A few years ago, our new-ish Bosch dishwasher started acting funny. A few minutes after we would start it, it would say it was done. My husband took it apart and cleaned it out really well and that helped for awhile, but the problem started coming back. Soon we found that if we open the door at just the right point during the starting cycle, we can trick the dishwasher into finishing the cycle.
I eventually discovered that Finish dishwasher cleaner made our dishwasher more likely to be happy, and between that and scrubbing out the filter frequently, our dishwasher has been mostly okay.
But I use the dishwasher cleaner every month! At $5 per single-use bottle, that costs us $60 a year. Ugh. Eventually I discovered Lemi Shine machine cleaner, which costs less but works just as well. That was an improvement.
A few weeks ago, I discovered an old bottle of homemade dishwasher detergent in the back of my cupboard. I figured I might as well use it up, and I noticed that when I started using it again, my funny dishwasher problem went away.
I poked around online and did some research, and here's what I found:
- The active ingredient in Finish dishwasher cleaner is citric acid.
- The main ingredient in Lemi Shine is most likely some form of citric acid.
- Finish dishwasher cleaner also has nonionic surfactants.
According to this, nonionic surfactants (and also anionic surfactants) are likely to be found in grease-cutting dish soaps. I checked mine, and sure enough, it had them. (You can read about surfactants here.) Surfactants boost cleaning power, so I think they sound like a good addition to dishwasher cleaner, especially nonionic surfactants, which are not affected by hard water, which is the reason I'm cleaning my dishwasher in the first place.
If you've read this far, I'm sure you can see where I'm going with this.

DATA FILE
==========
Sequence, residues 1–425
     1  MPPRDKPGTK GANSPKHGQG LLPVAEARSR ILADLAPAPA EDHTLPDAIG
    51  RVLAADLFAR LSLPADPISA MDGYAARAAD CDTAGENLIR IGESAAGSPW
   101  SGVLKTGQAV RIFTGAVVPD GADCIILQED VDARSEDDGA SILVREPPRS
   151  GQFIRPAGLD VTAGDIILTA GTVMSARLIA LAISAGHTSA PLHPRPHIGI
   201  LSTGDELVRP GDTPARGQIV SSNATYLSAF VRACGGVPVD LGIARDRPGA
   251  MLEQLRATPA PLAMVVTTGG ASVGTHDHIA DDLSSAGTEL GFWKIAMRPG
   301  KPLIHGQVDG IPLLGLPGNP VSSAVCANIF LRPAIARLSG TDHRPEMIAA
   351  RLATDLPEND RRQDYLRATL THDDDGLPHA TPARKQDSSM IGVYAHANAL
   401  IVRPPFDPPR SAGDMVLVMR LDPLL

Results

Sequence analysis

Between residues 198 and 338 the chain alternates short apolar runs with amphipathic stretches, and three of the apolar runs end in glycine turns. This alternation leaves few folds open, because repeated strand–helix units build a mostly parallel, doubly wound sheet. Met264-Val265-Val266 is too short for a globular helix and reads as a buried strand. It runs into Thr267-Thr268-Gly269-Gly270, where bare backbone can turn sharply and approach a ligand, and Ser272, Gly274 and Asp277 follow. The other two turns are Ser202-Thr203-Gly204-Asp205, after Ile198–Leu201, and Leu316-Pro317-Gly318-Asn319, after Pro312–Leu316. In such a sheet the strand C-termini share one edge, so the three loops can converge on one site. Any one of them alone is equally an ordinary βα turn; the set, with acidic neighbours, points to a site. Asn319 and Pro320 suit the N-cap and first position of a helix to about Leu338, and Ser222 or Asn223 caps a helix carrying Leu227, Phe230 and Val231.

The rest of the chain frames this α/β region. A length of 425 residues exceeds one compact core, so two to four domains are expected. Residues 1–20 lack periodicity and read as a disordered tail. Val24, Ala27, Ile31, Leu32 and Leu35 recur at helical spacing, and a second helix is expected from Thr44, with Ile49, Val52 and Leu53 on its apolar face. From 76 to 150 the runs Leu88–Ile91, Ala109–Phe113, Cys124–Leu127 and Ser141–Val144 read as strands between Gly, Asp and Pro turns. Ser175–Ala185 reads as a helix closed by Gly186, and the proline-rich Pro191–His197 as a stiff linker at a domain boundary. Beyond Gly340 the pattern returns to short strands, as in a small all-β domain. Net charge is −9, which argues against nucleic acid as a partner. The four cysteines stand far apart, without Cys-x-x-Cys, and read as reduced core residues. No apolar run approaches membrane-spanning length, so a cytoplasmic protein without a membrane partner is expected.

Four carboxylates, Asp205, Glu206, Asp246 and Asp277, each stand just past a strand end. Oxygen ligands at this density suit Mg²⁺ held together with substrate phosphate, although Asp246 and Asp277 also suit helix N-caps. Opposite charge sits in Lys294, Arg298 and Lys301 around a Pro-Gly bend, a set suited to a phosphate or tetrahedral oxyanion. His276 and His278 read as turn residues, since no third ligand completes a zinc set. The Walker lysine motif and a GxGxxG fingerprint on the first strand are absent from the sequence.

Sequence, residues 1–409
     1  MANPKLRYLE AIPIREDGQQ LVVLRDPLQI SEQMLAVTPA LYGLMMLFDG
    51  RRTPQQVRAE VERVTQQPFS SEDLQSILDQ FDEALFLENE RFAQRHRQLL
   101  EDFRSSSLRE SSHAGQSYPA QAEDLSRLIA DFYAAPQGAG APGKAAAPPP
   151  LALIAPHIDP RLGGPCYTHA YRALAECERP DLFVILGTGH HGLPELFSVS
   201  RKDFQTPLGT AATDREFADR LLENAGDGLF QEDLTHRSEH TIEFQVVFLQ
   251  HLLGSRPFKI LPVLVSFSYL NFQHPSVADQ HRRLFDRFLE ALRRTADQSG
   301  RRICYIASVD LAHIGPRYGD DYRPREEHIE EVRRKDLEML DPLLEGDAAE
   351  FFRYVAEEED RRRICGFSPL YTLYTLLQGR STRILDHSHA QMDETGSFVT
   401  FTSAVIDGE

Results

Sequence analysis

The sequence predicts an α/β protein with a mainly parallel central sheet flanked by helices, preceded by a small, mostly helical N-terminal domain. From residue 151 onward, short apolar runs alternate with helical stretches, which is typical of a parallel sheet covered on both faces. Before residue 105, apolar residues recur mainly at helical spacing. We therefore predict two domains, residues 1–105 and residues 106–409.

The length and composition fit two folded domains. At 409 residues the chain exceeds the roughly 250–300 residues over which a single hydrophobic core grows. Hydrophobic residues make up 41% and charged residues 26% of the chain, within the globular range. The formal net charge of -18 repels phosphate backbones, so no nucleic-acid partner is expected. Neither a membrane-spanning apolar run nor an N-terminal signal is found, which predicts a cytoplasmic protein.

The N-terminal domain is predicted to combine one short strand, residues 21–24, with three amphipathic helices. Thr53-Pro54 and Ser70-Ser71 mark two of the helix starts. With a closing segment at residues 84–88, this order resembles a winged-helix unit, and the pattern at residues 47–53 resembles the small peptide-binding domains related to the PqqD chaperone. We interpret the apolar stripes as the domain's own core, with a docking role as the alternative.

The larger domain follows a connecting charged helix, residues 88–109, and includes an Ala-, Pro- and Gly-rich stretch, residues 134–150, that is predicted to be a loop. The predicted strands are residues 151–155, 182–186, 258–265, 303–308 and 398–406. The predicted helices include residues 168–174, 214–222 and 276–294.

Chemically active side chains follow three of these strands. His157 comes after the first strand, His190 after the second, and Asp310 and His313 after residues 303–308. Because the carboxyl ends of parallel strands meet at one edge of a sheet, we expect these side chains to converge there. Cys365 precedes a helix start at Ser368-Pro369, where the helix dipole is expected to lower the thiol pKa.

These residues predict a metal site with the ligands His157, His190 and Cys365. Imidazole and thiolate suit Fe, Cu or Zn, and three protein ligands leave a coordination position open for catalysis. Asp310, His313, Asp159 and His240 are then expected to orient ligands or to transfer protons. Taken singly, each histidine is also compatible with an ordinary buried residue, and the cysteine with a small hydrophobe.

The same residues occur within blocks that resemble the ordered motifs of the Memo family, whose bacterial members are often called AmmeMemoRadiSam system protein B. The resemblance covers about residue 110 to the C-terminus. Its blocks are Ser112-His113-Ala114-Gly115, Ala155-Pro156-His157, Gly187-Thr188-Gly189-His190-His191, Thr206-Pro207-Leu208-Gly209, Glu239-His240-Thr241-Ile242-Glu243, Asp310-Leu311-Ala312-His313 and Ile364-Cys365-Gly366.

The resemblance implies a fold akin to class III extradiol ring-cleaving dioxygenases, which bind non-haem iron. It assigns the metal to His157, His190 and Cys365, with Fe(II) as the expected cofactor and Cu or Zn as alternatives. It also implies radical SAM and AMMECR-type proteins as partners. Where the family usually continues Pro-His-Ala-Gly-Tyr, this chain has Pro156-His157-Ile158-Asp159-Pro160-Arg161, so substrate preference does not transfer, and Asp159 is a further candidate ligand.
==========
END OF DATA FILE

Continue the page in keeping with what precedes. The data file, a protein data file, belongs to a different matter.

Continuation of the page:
Make your own dishwasher cleaner
- 3 tablespoons citric acid* (34¢)
- 1/2 teaspoon blue grease-cutting dish soap** (less than 1¢)
1. If your dishwasher has an easily accessible filter, pull it out and scrub with an old toothbrush. Mine has one on the bottom of the dishwasher.
2. Sprinkle 1 tablespoon citric acid in the bottom of your dishwasher. Put the other two tablespoons citric acid and the dish soap in the soap container of your dishwasher.
3. Run dishwasher on heaviest, hottest cycle.
4. Scrub filter again.
The first time you clean your dishwasher, you may need to do it twice if it was very clogged up with hard water deposits. If you clean it regularly, you may be able to start using less citric acid and a normal dishwasher cycle.
Before I was spending $5 a month on dishwasher cleaner. Now I'm spending less than $5 a year!
Bonus tip: If you have dishes with a funny white film from the dishwasher, try running them through with this mixture. It worked on mine!
*I bought mine here. You can find it in smaller quantities, too. You could also try using small packets of unsweetened lemonade flavored Kool-Aid (see here), but you'd need about 9 packets!
**I have two different brands in my house. One listed nonionic sufractants; the other didn't list any ingredients. I'm just going to assume that most varieties of grease-cutting dish soap (which are usually blue) are going to have nonionic surfactants.
If you try this, I would love if you would comment and let me know how it worked.
Make your own dishwasher soap
Removing crayon from the dishwasher
Dishwasher soap problems (white film on dishes)